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Sierra Leone: 'Sierra Leone Population Is Now Over Seven Million' By Regina Pratt Statistics Sierra Leone yesterday released the provisional census result for the 2015 Population and Housing Census, which revealed that the population of Sierra Leone has increased from 4 million in 2004 to 7,075,641, with 49.1% men and 50.9% women.

Sierra Leone: 'Sierra Leone Population Is Now Over Seven Million'

The result, which was launched at Miatta Conference Hall by President Ernest Bai Koroma, was compiled with technical support from the United Nations Population Fund (UNFPA) and other UN agencies. Giving a background to the process, Statistician General Mohamed King Koroma said the overall goal of the 2015 Population and Housing Census was to contribute to the improvement of quality life of the people of Sierra Leone through the provision of relevant, reliable and timely data and information for development planning. Officer-in-charge of UNFPA, Dr. Sierra Leone Seeks Billions in Power Investments - Breakbulk. The government of Sierra Leone is seeking up to US$3.5 billion in private investment to generate about 1 gigawatt of power by 2017.

Sierra Leone Seeks Billions in Power Investments - Breakbulk

Deputy Energy Minister Martin Bash Kamara said in a public address his country needs a major overhaul in order to boost its power generation capacity and thereby make Sierra Leone a more attractive investment and fuel its manufacturing sector. Currently, the nation has one of the lowest generating capacities in Africa with 100 megawatts for its 5.6 million people, according to a Reuters report. With state finances under strain, the government wants investors to cover the capital investment and then recoup their money by selling power to the national grid. Several projects are under discussion, two of which are with Chinese firms. The government signed a memorandum with China’s Hydrochina to build two hydroelectric power plants totaling 260 megawatts of generating power at a cost of more than US$800 million. Sierra Leone’s wealthy re-emerge in a country hit hard by Ebola. ©Bjorn Kietzmann/Demotix/Corbis Life has returned to normal in the markets of Freetown after Sierra Leone was officially declared Ebola free The day Sierra Leone was declared Ebola-free, late last year, the seaside capital Freetown partied until dawn.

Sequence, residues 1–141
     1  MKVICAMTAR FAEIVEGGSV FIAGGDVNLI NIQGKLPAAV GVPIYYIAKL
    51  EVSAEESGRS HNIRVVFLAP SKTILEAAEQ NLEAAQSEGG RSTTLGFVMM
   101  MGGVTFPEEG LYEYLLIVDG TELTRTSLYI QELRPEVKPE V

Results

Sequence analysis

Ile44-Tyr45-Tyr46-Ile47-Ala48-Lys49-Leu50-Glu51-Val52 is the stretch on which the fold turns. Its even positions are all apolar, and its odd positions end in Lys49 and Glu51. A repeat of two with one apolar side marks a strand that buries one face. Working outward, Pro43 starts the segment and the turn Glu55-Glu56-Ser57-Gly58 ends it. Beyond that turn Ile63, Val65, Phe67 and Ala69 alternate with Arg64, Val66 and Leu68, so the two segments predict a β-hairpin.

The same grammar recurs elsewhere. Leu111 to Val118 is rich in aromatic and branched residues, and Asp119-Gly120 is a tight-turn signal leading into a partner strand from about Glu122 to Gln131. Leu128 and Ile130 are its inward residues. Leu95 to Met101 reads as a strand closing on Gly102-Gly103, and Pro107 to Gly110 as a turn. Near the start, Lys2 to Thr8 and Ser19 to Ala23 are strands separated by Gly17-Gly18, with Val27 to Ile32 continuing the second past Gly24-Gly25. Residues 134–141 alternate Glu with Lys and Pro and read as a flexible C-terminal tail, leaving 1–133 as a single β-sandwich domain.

Sierra Leone’s wealthy re-emerge in a country hit hard by Ebola

The owners of Quincy’s, the latest name for Freetown’s iconic outdoor bar and nightclub Paddy’s, joke that they made their losses back after the 20-month epidemic that very evening. “That night everyone went there to celebrate,” says Abdul Koroma, one of the shareholders in Quincy’s. Freetown is, after all, a city that likes to party. “You don’t have exclusive places in Sierra Leone; there’s no door policy as such and it’s not a complicated formula — there is a little VIP room but Paddy’s is a mixed bag,” Koroma says of the nightclub, which represents the ultimate in good-time free-for-alls. It is a scene unthinkable just a few months ago. The small west African nation has always been divided, not just between the rich and the poor. Ebola wiping out Sierra Leone’s post-war gains: Study. Ebola-hit Sierra Leone faces social and economic disaster as gains made since the country’s ruinous civil war are wiped out by the epidemic, according to a major study released today.

Ebola wiping out Sierra Leone’s post-war gains: Study

Damage to most sectors of the economy will see growth shrink from 20.1 percent last year to just five percent in 2014, the finance ministry and the United Nations Development Programme (UNDP) found. “While priority number one must be to stop the spread of Ebola, protecting Sierra Leone from the wider damage caused by this disease is crucial,” said David McLachlan-Karr, the UN chief in Sierra Leone. “This report is a sobering warning that shows us that Sierra Leone faces a dramatic GDP loss, significant inflation, and a severe drop in trade and production nationwide across many sectors.”

The report, “The Economic and Social Impact of Ebola Virus Disease in Sierra Leone”, brings together research by the World Bank, the African Development Bank, and the International Monetary Fund. Sierra Leone Group Continues Bitcoin Drive to Fight Ebola. A group of entrepreneurs promoting bitcoin in western Africa has reminded the world of the dire situation it faces as its daily fight to stop the spread of Ebola continues.

Sierra Leone Group Continues Bitcoin Drive to Fight Ebola

The Sierra Leone Liberty Group (SLLG), initially formed to promote free enterprise and libertarian ideals as the path to prosperity in the country, has continued to promote its message despite the frequent need to jump in and assist members’ fellow countrymen more directly. According to leader Mustapha Cole, the group has worked with Ministry of Health vehicles alongside local nurses and has used funds from bitcoin donations to deliver dwindling medical supplies such as disinfectant, goggles and rubber gloves and also to help educate local populations on how to avoid Ebola infection.

Cole said: “In Sierra Leone we are suffering from the Ebola outbreak. Every day there is death in my community as people die and food is scarce as the people are quarantined in their homes. Ept_sierraleone.pdf. Sierra Leone - Africa's New Investment Destination.